Analysis & Comment

Opinion | Save America’s Restaurants

American cities have sought to keep restaurants in business during the coronavirus pandemic by allowing indoor dining. With the virus spreading out of control across large swaths of the country, continuing to allow it risks an even greater public health disaster. There is ample evidence that the coronavirus spreads with ease among people eating in enclosed spaces.

Yet, even as case counts climb, politicians have remained reluctant to protect public health by imposing painful restrictions, instead relying on cosmetic measures — hoping that they will appear to be doing something even as they are effectively doing nothing.

A growing number of municipalities and states have imposed curfews on restaurants and bars, as if the virus were a vampire. Last month, Gov. Gavin Newsom of California advised diners in his state to “keep your mask on in between bites.” That is absurd.

The promising news about coronavirus vaccine trials offers growing reason for optimism that sometime next year, Americans again will be able to eat safely inside their favorite restaurants.

What the public interest requires for now is a suspension of indoor dining in areas where the virus is spreading, combined with federal aid to keep restaurants in business.

The House already has passed a bill that serves the purpose. The RESTAURANTS Act — it is an acronym, but we won’t bore you with the full name — would provide up to $120 billion in grants to independent restaurants, small restaurant chains (with fewer than 20 locations) and catering firms. The aid would cover the difference between last year’s revenues and this year’s revenues, and could be used to cover most expenses, including payroll.

A pending Senate version, which has bipartisan backing, would provide aid to big chains, too. McDonald’s and its ilk don’t need the money, but it’s easy to imagine a deal.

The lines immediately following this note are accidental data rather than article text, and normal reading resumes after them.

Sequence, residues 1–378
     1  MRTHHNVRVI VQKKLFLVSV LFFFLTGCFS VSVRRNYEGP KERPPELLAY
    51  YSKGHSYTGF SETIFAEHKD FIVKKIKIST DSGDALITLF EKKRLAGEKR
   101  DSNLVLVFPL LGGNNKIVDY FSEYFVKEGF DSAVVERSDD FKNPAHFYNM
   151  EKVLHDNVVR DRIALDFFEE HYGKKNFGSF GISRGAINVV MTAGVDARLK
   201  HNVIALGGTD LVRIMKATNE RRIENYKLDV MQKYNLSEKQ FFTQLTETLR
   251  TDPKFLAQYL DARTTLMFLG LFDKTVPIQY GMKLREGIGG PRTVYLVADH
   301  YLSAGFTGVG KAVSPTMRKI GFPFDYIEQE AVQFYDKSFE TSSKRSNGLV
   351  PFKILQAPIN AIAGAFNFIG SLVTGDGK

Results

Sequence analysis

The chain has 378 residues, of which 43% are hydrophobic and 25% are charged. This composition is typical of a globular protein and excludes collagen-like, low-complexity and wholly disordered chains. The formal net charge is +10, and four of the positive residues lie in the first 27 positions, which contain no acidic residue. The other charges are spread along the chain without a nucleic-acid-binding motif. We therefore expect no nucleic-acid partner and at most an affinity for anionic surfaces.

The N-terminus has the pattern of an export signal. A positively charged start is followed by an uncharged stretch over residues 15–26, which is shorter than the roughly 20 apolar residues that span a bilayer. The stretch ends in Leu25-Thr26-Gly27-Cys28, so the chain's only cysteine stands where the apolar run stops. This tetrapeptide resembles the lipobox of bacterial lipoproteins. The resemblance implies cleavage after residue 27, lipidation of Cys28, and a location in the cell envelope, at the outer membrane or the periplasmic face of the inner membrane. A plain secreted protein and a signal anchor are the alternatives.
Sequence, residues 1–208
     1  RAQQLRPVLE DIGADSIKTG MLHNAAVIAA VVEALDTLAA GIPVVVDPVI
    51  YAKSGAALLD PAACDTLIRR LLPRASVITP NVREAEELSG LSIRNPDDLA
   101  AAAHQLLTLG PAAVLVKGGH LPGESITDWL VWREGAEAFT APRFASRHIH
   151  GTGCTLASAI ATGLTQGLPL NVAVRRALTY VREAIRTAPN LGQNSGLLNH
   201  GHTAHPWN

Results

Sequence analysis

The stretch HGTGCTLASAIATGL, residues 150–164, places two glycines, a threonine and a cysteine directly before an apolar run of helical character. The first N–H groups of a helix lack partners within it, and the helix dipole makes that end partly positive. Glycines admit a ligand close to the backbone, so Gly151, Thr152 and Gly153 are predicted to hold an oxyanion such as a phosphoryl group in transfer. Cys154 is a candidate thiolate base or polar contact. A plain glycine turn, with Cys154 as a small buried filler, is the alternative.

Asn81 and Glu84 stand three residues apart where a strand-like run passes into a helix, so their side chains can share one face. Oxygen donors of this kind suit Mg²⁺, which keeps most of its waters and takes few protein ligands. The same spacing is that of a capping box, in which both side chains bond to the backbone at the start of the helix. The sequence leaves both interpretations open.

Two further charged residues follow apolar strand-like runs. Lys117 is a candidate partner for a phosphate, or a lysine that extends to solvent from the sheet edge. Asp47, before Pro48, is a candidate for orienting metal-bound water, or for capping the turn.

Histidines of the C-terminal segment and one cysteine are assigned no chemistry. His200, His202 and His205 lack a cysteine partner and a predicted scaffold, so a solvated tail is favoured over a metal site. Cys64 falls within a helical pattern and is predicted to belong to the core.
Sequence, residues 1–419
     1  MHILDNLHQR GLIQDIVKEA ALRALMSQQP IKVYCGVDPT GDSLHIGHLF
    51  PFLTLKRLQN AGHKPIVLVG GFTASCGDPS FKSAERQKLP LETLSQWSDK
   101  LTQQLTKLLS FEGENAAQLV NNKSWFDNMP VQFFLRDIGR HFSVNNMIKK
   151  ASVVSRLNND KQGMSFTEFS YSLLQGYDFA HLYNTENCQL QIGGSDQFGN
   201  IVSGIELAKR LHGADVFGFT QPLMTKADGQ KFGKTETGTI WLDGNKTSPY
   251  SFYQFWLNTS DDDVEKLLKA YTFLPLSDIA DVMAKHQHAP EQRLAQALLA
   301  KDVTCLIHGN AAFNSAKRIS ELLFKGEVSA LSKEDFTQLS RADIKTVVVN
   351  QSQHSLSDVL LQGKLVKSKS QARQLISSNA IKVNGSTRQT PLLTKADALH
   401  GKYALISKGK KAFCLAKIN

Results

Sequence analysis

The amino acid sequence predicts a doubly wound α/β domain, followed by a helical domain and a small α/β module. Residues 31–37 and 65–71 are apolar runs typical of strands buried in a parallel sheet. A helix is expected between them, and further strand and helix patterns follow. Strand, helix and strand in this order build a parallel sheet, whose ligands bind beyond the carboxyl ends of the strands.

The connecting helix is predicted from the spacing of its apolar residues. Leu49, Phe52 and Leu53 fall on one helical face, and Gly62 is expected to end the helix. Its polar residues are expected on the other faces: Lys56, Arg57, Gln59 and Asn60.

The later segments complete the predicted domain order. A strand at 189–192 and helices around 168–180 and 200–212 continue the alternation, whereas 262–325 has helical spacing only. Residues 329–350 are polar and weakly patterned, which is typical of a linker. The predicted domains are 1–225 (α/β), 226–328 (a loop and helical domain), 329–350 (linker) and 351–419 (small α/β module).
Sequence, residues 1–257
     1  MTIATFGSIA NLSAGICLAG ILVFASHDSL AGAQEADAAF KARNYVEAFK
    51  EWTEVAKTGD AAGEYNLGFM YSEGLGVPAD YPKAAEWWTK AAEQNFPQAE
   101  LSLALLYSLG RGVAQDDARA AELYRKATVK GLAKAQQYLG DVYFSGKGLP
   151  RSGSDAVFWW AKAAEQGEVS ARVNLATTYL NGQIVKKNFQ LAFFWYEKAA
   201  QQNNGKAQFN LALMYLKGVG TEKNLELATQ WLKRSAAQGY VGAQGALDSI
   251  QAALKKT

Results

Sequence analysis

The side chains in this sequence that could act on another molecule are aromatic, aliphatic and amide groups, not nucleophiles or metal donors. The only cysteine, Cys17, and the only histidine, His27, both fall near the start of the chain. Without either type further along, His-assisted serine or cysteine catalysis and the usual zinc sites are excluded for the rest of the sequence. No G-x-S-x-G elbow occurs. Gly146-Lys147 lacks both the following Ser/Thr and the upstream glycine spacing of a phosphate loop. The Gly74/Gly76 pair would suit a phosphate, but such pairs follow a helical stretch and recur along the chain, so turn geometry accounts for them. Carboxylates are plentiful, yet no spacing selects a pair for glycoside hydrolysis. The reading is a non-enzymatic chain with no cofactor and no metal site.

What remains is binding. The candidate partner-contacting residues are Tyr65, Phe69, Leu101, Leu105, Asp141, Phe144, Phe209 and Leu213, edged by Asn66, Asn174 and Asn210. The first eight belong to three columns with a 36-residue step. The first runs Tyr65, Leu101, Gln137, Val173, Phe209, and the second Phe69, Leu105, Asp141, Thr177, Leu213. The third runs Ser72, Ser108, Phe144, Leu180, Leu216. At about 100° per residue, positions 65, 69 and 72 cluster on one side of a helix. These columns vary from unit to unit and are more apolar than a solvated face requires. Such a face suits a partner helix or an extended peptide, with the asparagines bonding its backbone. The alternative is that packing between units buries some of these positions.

Representative Earl Blumenauer, the Oregon Democrat who sponsored the House bill, said he’s been heartbroken by the growing roll call of restaurant failures in his Portland district, punching holes in the fabric of his community. The money is intended to get restaurants through winter, when outdoor dining is less tenable in many parts of the country. “It’s a bridge to better weather,” he said.

Providing aid to restaurants also could make it easier for cities to suspend indoor dining.

It is one of the defining perversities of the country’s response to the pandemic that many cities have kept indoor dining open while schools are closed — prioritizing economic activity over the welfare of children. New York City, which for much of the fall stood out as the rare big city where children still could learn in classrooms, announced Wednesday that it would close its schools for in-person learning, even as the city allows people to eat inside restaurants, drink in bars and exercise in gyms.

Again: Children are allowed to eat in restaurants but not learn in classrooms.

The public interest urgently requires an inversion of that pattern. The United States should emulate European countries, where schools have closed last, or not at all. Federal aid for restaurateurs would make it easier for local leaders to justify prohibitions on indoor dining. While that alone wouldn’t totally control the virus or reopen schools, it would help.

Public health officials have warned for months that there is a clear link between indoor dining and the spread of the virus. Analysts at JPMorgan Chase have shown that in-person spending at restaurants predicts coronavirus case counts: more money, more problems. A new study due out in the journal Nature used cellphone data to reach similar conclusions.

Many other kinds of businesses also need aid, of course. Workers also need aid. State and local governments also need aid. We have repeatedly urged Senate Republicans to pass a version of the broad economic aid plan that House Democrats first passed in May. But it’s clear that that’s not going to happen. Democrats can still win control of the Senate next year by prevailing in a pair of Georgia runoff elections, but that’s not soon enough.

The resurgence of the virus is again disrupting economic activity, and in the absence of federal aid, the harsh reality is that many restaurants are not going to survive.

There is nothing to be gained by waiting until January, or by refusing to reach agreement where agreement appears possible. Congress may not be able to do the big things, but this is a clear chance to do something. Save the nation’s restaurants — and save lives.

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